The association of the unfortunate Lucifer and ultimate evil comes from relatively modern Judaic and Christian religious writing.  To the ancient Greeks, Eosphoros and Hesperus were the gods of the “star” Venus:  Eosphoros was the morning star, Hesperus the evening.  Eosphoros translates as “Dawn-Bringer”, or Bringer of Light; the ancient Roman name for that same god was Luciferus, or Lucifer, which translates as “light-bearer”.

Bringers of light have a long tradition of suffering for their efforts.  In both Vedic and Greek mythology, the theft of fire from the gods -  fire (knowledge, enlightenment) that was then given to humans who had none - was severely punished.  The Greek Prometheus, a figure representing human striving for knowledge (particularly scientific knowledge), was bound to a rock for eternity; each day Zeus’ eagle fed on the immortal’s liver, which grew back and was eaten by the eagle again the next day.  In the Garden of Eden, Eve was offered the forbidden apple from the Tree of Enlightenment by the snake, and when she took it and was then found out by God, the snake was condemned to slither on its belly for all eternity, forever the enemy of humankind.

Gustav Dore illustration for
Paradise Lost 
Although the story of Lucifer’s demotion from archangel status says that he became the devil because he dared to elevate himself to the level of God (i.e. to have the knowledge of the infinite, thus enlightenment), in fact the connection of a fallen angel with evil did not come about until approximately the first century BC in Judaic writings - and even then not about Lucifer, but some other angelic being named Satan.  Lucifer, good guy bringer of light, had existed long before the Judaic writings and was not associated with Satan until some time after the death of Christ.  It was, simply, the new Christian religion's way to take care of pesky free-thinking angels:  Combine them into one.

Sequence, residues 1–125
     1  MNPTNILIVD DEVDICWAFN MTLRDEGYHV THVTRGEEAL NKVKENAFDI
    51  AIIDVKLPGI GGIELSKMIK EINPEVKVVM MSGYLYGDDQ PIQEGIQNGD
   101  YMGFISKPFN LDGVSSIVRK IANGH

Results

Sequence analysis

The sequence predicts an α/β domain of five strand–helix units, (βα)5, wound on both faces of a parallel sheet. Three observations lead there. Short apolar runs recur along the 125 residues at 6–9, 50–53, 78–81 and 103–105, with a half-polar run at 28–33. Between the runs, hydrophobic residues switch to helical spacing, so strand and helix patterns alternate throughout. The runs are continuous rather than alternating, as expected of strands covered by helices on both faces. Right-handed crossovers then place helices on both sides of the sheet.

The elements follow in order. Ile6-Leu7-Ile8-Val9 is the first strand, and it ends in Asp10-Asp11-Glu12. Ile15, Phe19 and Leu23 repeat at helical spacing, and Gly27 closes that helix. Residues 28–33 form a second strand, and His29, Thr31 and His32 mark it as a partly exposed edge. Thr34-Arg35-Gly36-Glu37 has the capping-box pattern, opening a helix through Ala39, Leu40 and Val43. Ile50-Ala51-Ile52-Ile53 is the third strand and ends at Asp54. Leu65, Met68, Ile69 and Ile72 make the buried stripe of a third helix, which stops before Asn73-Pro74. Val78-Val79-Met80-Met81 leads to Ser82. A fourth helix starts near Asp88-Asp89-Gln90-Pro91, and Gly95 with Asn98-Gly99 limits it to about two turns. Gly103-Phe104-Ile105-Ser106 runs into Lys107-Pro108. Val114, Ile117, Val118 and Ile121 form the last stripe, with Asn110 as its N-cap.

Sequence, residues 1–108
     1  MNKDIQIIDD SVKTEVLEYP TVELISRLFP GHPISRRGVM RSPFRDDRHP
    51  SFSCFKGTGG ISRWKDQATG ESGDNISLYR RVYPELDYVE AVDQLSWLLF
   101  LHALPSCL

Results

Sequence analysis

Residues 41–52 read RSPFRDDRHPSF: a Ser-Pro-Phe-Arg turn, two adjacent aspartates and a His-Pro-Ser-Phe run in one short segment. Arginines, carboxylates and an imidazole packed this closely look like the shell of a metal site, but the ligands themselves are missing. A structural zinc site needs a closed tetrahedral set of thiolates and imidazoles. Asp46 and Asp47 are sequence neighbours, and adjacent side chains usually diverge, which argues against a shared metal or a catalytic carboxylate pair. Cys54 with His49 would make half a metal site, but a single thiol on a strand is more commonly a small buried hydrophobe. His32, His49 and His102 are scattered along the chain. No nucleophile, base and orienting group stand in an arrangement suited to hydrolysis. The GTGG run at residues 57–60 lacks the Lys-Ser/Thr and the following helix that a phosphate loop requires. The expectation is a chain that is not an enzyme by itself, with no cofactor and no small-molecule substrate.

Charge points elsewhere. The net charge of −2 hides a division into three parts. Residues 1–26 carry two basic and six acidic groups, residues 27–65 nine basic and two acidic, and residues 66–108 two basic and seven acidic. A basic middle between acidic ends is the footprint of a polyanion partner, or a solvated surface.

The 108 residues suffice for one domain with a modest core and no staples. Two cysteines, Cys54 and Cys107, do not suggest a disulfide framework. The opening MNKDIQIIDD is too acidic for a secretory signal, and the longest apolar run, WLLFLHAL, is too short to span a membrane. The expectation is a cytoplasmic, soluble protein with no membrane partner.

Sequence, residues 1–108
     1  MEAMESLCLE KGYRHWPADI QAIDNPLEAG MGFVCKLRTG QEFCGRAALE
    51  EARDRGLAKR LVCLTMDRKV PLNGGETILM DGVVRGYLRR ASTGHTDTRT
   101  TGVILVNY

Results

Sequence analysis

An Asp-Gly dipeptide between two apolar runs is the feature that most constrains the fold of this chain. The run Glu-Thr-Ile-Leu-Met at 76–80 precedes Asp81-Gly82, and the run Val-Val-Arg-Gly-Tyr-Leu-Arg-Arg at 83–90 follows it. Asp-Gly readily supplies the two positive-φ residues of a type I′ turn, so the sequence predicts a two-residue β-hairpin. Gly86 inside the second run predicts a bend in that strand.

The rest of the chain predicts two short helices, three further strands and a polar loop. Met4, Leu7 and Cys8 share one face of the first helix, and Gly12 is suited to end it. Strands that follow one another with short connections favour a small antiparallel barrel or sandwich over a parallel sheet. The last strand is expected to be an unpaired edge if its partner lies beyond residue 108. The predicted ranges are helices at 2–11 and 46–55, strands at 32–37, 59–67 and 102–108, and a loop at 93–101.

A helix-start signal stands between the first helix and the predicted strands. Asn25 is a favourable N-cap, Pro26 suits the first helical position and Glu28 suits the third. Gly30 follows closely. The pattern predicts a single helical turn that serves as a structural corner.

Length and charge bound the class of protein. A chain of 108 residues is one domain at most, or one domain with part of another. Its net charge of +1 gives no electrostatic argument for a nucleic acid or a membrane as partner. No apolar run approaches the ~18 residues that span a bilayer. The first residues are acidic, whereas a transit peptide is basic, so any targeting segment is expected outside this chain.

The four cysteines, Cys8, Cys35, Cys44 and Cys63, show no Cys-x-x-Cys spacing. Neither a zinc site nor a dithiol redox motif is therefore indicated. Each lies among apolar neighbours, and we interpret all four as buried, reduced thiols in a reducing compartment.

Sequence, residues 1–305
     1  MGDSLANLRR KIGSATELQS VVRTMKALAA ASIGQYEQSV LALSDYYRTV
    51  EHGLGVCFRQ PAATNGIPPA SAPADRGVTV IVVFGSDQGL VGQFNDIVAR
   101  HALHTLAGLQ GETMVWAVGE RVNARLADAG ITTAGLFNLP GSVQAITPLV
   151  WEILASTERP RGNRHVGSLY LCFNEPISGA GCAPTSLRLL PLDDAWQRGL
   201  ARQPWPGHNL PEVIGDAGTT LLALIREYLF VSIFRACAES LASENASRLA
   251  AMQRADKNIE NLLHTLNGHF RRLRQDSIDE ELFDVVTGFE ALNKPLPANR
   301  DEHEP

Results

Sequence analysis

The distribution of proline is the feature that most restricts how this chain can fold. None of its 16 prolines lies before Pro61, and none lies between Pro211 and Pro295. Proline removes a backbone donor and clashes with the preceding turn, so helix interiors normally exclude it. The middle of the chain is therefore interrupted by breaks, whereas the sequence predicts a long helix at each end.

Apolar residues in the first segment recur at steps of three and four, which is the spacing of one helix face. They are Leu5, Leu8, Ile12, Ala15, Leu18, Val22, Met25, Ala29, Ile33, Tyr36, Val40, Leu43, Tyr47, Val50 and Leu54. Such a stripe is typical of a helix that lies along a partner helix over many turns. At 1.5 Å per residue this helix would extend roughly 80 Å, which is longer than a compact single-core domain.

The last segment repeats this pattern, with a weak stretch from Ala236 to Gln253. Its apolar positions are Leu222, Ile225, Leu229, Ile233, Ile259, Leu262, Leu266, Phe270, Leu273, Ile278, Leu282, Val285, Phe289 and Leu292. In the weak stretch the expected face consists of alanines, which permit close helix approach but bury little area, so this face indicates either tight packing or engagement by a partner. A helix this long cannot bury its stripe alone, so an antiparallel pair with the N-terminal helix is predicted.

In human tradition, there always seems to be a steep price to be paid for the gift of knowledge and enlightenment, and it isn’t always paid by the bringer – sometimes the recipient is the one punished for daring to seek more.  Adam and Eve were banished from the Garden, forever blocked from the Tree of Life, and burdened with sin for choosing enlightenment.  It happens even in fairy tails:  Hans Christian Anderson’s Little Mermaid yearns for knowledge of the world above the sea.  A “strange child, quiet and thoughtful”, the youngest mermaid can only have an immortal soul like humans do if she chooses to give up immortal life, is willing to lose her tongue and accept that every step she takes will stab her with pain.  Even Siddhartha must give up his wealth and position as prince of the realm and suffer unto death before becoming the enlightened Buddha.